The Maybe Baby(Babies) is asking for advice on a conundrum: an unliked coworker lost his unborn child, and while she knows she is in a unique position to offer comfort having lost her twin daughters, their prior relationship colours the current moment. Should she step forward to comfort when she knows he doesn’t like her? Does any of that matter when someone is in mourning? Give her advice on what you would do.
Lastly, We Say IVF They Say FIV has a post about Facebook reminding her of an acquaintance’s birthday who has since died. Again, the awkward situation brings up a host of feelings since this acquaintance took her life two months earlier. While no amount of friends reaching out can undo the effects of mental illness, she wonders about a person who was connected to 254 people, and how she had no clue what was happening internally when the external looked like a happy place.
The roundup to the Roundup: What are you going as for Halloween, and which candy are you passing out? Your friendly Creme de la Creme reminder. Your weekly backup nudge. And lots of great posts to read. So what did you find this week? Please use a permalink to the blog post (written between October 24th and 31st) and not the blog’s main url. Not understanding why I’m asking you what you found this week? Read the original open thread post here.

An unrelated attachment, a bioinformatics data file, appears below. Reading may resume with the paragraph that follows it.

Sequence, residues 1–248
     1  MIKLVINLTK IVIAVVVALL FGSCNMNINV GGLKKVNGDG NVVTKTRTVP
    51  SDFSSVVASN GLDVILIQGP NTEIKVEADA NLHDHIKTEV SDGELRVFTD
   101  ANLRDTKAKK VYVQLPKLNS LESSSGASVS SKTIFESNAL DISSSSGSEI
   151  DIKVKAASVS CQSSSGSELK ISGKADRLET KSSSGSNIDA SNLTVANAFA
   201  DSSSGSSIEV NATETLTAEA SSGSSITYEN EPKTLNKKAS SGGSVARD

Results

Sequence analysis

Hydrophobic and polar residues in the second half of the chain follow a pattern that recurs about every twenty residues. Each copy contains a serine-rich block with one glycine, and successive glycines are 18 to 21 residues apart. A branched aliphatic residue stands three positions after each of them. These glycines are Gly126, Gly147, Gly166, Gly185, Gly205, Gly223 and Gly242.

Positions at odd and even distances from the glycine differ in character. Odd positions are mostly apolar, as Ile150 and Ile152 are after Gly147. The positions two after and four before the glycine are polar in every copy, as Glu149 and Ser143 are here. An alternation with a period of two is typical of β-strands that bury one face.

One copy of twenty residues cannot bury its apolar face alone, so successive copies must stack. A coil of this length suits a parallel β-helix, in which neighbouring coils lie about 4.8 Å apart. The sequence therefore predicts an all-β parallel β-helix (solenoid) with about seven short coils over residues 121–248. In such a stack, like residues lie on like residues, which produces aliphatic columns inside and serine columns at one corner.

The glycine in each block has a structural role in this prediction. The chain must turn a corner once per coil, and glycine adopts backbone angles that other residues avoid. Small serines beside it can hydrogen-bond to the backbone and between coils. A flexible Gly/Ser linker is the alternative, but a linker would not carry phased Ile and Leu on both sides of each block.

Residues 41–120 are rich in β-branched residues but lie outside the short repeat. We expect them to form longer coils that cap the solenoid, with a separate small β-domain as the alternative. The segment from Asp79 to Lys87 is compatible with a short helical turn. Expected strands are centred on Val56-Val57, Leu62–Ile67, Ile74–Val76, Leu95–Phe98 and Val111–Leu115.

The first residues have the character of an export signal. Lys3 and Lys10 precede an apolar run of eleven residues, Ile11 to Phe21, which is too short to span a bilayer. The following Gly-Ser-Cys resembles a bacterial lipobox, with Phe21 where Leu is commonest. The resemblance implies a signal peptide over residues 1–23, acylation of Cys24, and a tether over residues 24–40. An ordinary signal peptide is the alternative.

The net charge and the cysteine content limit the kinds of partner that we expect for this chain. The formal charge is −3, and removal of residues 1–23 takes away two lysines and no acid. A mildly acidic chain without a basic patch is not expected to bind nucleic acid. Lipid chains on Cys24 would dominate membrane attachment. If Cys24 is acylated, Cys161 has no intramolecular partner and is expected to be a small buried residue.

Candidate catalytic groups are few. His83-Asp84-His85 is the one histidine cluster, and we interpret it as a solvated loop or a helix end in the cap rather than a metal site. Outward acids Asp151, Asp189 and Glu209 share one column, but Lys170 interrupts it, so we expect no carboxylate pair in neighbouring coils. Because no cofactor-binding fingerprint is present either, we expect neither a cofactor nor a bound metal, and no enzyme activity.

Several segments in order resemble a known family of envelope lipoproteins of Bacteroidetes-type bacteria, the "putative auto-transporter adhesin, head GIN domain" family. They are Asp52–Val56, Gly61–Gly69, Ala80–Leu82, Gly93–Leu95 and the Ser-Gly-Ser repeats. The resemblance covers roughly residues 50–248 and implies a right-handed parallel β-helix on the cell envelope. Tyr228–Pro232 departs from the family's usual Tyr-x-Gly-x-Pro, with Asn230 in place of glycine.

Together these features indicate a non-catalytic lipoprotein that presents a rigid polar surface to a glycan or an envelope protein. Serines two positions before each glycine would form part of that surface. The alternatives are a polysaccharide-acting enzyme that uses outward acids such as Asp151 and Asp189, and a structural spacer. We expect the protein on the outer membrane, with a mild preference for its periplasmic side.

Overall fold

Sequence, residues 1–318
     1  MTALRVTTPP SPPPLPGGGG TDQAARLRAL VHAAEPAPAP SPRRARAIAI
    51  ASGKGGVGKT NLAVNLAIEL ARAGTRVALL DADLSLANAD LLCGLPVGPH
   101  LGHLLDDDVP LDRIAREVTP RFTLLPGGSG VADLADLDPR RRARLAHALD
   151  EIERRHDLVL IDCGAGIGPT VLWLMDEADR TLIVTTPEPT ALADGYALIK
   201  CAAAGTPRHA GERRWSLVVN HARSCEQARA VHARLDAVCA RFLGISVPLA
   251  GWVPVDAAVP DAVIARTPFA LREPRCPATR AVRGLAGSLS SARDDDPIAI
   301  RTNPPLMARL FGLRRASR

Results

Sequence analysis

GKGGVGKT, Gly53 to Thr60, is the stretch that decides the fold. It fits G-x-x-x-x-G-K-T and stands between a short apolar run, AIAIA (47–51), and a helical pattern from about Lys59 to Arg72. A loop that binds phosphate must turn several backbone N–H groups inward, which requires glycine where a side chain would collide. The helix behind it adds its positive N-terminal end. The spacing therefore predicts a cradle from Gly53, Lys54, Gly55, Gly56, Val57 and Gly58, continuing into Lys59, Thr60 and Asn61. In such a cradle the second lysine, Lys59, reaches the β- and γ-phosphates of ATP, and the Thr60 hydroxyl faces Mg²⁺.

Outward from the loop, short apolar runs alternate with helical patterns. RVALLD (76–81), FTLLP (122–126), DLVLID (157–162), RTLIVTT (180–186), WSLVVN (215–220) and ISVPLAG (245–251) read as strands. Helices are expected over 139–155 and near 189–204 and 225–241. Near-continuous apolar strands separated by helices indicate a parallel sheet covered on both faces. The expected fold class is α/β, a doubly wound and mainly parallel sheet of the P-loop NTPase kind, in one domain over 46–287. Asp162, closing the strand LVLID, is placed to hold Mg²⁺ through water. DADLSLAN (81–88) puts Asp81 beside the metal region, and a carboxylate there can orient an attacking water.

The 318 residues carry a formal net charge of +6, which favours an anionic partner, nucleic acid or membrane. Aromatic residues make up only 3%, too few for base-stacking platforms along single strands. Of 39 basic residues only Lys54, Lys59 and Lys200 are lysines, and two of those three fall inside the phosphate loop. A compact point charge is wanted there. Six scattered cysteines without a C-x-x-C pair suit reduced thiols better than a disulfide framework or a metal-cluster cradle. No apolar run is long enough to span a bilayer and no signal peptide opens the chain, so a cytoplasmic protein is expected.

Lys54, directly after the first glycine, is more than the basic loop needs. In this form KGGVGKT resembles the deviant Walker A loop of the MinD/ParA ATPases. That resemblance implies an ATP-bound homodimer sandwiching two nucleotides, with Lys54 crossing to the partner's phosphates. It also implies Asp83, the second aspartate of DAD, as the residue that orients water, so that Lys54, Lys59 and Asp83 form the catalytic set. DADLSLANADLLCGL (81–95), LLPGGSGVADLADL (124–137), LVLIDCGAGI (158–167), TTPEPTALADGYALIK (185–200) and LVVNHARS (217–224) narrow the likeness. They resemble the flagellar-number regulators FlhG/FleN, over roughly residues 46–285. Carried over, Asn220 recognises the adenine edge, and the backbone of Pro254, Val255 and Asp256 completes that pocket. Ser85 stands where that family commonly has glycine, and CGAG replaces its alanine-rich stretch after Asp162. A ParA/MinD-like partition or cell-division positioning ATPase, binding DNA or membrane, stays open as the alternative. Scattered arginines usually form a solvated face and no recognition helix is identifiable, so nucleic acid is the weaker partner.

October 31, 2014 5 Comments
I usually like Slate’s Dear Prudence column. I like advice columns in general, and I like Prudie specifically because she usually doesn’t coddle or mince words. She gets to the point quickly, and that’s how I like my advice from strangers.
By covering each situation quickly, she can get through multiple situations in the same column. Two days ago, I was reading about a girl who doesn’t think she is pretty enough for her boyfriend and a big-breasted woman who wanted to go bra-free, when I came to a conundrum that hit a little closer to home (not that I don’t have big breasts, but I don’t want to go bra-free): a sister who is requesting funding for IVF.
Namely, her sister asked the family for funding in lieu of baby shower gifts in the future, and some of the family members had concerns. The woman asked Prudie if she should tell her sister the family’s concerns.
And Prudie answered:
Of course people have concerns when they get a mass email requesting money to help fund someone else’s personal activities—such as, I’ve got my own needs to take care of, and this is out of line. Your sister’s request was presumptuous and very unlikely to come close to funding what would likely be multiple procedures. What people would spend on a few onesies is not going to cover IVF. You should direct your sister to Resolve, the support group for people dealing with infertility. They have a Web page about getting loans for IVF, and that’s the way your sister should go.
There was so much wrong with Prudie’s answer.